On the 22nd May 2017, just two months after the Westminster attack, a suicide bomber struck the Manchester Arena at the end of a pop concert, filled with children and young adults. The bomb, detonated in the arena foyer, killed 22 people and injured scores more. This was followed by a further attack in London with multiple fatalities less than two weeks later.
The UK terror threat level, which directs the response from the police and armed forces in their protection of us, is a key indicator in advising us of the level of threat from terrorist activity. The temporary increase in the threat level to critical following the Manchester incident demonstrates the volatility in risk perceived by the authorities. The terrorism risk landscape we now face is unpredictable - with attacks more diverse than ever and dispersed over a wider geographical area. Events in the UK and mainland Europe in recent times suggest that we are now exposed to potentially more frequent, less sophisticated terrorist attacks.
As a country, we have increased our legal powers in recent years to strengthen our ability to capture, investigate and prosecute terrorists. This includes – but is not limited to – the Terrorism Act 2000, the Terrorism Prevention and Investigation Measures Act 2011, the Protection of Freedoms Act 2012, and the Counter Terrorism and Security Act 2015.
The terror attack in Westminster, London on the 22nd March 2017 prompted a security update from the National Counter Terrorism Security Office (NaCTSO) calling for organisations to consider protective security tactics to aid their security.
Risk Prevention Measures
The prevention of attacks, such as the recent incident in Westminster is difficult where multiple methodologies are deployed. In situations such as this, no one security measure will wholly mitigate the event.
Despite this, there are still steps that Local Authorities can take to ensure their security and protection measures are as robust as they can be. A useful resource point is the Government’s National Counter Terrorism Security Office (NaCTSO) website. NaCTSO is a police unit, working with the Home Office to support the ‘protect and prepare’ strands of the Government’s counter terrorism strategy.
The message from the government is clear – effective security and effective communities defeat terrorism.
Staff should be reminded to remain vigilant at all times and be encouraged to proactively challenge visitors, vehicles and anything out of the ordinary. The creation of a hostile environment for such criminals can be an effective deterrent.
It is common place for local authorities to have responsibility for buildings where members of the public can readily access. It is vital that security plans for these buildings are reviewed and refreshed as necessary. These plans should be well communicated to staff and should cover the following incidents:
- Firearm threats.
- Vehicle-borne improvised explosive devices.
- Suicide attacks
- Chemical, biological and radioactive threats.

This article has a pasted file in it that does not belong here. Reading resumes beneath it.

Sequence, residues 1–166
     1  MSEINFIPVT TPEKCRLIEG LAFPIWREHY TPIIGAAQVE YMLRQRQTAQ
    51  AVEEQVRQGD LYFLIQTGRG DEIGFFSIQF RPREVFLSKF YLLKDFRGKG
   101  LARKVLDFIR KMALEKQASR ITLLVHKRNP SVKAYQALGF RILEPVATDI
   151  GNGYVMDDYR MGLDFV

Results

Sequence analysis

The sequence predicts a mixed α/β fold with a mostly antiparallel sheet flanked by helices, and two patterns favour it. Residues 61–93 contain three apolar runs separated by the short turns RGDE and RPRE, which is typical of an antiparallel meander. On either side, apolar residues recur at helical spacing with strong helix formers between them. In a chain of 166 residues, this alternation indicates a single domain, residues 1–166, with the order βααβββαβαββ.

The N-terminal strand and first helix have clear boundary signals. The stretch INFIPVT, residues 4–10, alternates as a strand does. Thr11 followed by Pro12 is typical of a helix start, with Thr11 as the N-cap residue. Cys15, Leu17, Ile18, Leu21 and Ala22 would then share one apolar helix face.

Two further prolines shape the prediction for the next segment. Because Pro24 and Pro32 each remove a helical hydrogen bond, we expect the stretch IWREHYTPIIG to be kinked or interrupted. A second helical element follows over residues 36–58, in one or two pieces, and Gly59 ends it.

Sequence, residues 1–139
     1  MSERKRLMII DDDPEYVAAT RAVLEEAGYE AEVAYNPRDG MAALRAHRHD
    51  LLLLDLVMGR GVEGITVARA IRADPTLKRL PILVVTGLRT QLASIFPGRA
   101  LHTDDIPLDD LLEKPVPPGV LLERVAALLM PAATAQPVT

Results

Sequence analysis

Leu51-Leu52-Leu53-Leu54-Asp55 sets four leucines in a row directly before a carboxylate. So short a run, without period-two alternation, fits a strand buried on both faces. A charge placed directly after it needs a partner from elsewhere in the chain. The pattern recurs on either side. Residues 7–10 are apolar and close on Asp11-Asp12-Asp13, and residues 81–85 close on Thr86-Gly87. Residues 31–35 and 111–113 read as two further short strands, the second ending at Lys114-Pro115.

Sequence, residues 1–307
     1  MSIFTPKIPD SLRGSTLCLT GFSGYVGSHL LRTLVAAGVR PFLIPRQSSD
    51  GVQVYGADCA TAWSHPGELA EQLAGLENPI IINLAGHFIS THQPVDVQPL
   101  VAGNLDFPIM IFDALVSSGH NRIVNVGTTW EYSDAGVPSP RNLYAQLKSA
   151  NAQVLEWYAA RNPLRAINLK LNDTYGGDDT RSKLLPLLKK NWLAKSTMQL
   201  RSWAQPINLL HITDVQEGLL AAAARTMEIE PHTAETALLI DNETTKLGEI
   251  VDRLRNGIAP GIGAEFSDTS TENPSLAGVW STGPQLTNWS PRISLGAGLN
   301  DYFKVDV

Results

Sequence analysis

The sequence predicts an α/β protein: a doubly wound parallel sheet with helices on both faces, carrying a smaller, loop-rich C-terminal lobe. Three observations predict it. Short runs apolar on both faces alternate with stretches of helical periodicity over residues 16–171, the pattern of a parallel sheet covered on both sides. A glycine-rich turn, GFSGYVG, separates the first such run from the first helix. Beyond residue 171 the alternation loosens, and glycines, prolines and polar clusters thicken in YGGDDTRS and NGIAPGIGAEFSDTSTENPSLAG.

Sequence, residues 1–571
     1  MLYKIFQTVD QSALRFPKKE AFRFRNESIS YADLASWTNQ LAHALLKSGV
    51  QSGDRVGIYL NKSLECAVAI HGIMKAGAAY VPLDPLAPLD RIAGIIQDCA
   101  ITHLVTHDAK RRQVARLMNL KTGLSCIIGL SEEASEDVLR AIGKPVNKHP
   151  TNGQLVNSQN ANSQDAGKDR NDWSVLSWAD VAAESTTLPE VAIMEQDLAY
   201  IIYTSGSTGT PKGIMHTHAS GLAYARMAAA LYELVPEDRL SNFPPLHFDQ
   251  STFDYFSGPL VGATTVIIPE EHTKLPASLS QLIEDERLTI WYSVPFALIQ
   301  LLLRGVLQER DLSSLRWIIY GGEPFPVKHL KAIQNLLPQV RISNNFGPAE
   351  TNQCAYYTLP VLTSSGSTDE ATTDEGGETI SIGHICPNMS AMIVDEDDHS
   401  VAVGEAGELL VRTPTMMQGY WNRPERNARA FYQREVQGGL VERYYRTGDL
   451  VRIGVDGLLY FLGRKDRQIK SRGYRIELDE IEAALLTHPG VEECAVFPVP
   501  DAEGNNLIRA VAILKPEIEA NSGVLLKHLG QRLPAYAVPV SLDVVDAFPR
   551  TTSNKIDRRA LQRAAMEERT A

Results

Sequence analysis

- Insider threats.
- Cyber threats.
Protective Security of Crowded Places
We have seen with the incident in Westminster and subsequently Sweden that crowded places are a key target area for terrorists. These areas are usually easily accessible and offer the terrorist significant opportunity for high levels of loss of life.
NaCTSO provides guidance documents to anyone involved in the design and development of the built environment on their website as well as helpful tips for local authorities and businesses to consider in improving their protective security measures. There are also sector specific guidance documents available for download. There is a national stakeholder menu of options on the website which highlight areas of particular risk to consider such as those related to the night time economy and iconic sites.
Business continuity and emergency plans are an essential control measure that should not be overlooked. Additional supporting plans can be added to these such as evacuation arrangements, communication plans, refuge arrangements for the public and first-aid training – to ensure they are all in order.
Local authorities are facing the demanding challenge of needing to effectively strike a balance between implementing measures to protect members of the public whilst not increasing public fear and uncertainty to a level which makes people feel they are so unsafe they cannot live their lives within normal boundaries. The UK Government as well as the police and intelligence services are working to ensure that the public are protected from harm, however, local authorities have a duty to work alongside them to support their counter terrorism strategy, prevent agenda and other initiatives in the bid to combat terrorism. Members of the public may look to the local authority for guidance, reassurance and support in these times of heightened fear and uncertainty and so it is vitally important that organisations such a s these are equipped to respond effectively to such requests.
Additional useful sources of advice and information can be found at:
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